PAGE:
Main problems addressed by the best practice

Due to ignorance at the community level, uncontrolled grazing and tree felling has accelerated the degradation of the area. |The access and use related conflicts further aggravated the resource exploitation problems.|Lack of any management system for these resources also contributed to the degradation of the area. |Reduction in vegetative cover, increased soil erosion and less production

Outline specific land degradation problems addressed by the best practice

Encroachment and degradation of village common lands- particularly grazing lands

Specify the objectives of the best practice

To evolve system for management of village resources|To increase productivity of land and also increase fodder availability|To set up arrangements for maintenance and sustainability of the area

Section 3. Activities

Brief description of main activities, by objective

Developed pasture land in 79 hectares. At the foot of hillsides, water harvesting system has also been created.|Resolved community and inter-village conflict by using revenue land records and clearing the rights/ownership
Helped community to liason with Forest Department for physical activity work
Prepared community for self management on their resources

Short description and technical specifications of the technology

Sensitization of local community about common resources, their roles & responsibilities. Construction of protection wall to address encroachment, participatory planning for soil & water conservation and regeneration of biomass. Conflict resolution, equity and benefit sharing are ensured. |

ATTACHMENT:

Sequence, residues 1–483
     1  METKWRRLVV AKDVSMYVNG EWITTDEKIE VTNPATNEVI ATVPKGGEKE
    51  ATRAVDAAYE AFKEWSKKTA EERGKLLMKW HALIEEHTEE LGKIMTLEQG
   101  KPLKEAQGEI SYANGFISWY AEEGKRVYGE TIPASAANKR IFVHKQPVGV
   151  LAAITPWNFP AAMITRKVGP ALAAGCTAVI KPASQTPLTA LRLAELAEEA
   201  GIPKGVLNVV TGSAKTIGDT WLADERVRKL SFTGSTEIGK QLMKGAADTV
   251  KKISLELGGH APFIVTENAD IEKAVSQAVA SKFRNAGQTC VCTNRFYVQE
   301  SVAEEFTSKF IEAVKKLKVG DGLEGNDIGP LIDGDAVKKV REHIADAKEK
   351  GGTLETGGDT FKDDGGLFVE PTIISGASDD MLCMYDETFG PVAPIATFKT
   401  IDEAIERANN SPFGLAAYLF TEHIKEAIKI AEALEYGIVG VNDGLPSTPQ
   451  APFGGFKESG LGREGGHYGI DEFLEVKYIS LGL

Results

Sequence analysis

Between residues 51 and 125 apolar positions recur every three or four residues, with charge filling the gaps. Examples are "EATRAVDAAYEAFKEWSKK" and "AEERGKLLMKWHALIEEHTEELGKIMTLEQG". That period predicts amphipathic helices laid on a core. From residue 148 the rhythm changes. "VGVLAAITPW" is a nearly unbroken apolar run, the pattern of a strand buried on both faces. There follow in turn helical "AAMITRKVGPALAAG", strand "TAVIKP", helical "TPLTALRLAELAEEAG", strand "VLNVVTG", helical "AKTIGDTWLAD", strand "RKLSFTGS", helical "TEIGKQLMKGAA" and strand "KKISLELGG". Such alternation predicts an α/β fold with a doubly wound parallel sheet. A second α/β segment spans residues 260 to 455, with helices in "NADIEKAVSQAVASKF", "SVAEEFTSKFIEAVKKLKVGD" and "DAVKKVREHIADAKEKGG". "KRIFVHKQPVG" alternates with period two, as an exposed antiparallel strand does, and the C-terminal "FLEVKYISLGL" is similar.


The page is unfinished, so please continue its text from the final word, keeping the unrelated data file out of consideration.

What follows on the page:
Section 4. Institutions/actors involved (collaboration, participation, role of stakeholders)

Name and address of the institution developing the technology

Praytna Samiti|At Post Gudli, Via Bombora, Tehsil Girwa, Udaipur - 313 706 India

Was the technology developed in partnership?


List the partners:

Prayatna Samiti|Villagers

Specify the framework within which the technology was promoted

  • Local initiative

Was the participation of local stakeholders, including CSOs, fostered in the development of the technology?


List local stakeholders involved:

Local community|Forest Department|Society for Wasteland Development|Revenue Department

For the stakeholders listed above, specify their role in the design, introduction, use and maintenance of the technology, if any.

Forest department- plantation and physical work to the community; Local community- implementation & facilitation; SPWD constructed a water harvesting structure on the intervened area; Revenue Department provided land records for conflict resolution among three villages

Was the population living in the location and/or nearby involved in the development of the technology?


By means of what?
  • Consultation
  • Participatory approaches


Section 5. Contribution to impact

Describe on-site impacts (the major two impacts by category)

People's interest in animal husbandry increased and milk availability also increased.
• When the work starts, the production level is nothing or minimum. After one year when the land produced fodder, people got 2000 pullas of grass fodder during the first time. In 1997, after 3 years, the community got 9480 pullas. Currently they have been able to get 24,000 pullas yearly. |
Reduced Soil erosion and land productivity increased; Tree Canopy area increased.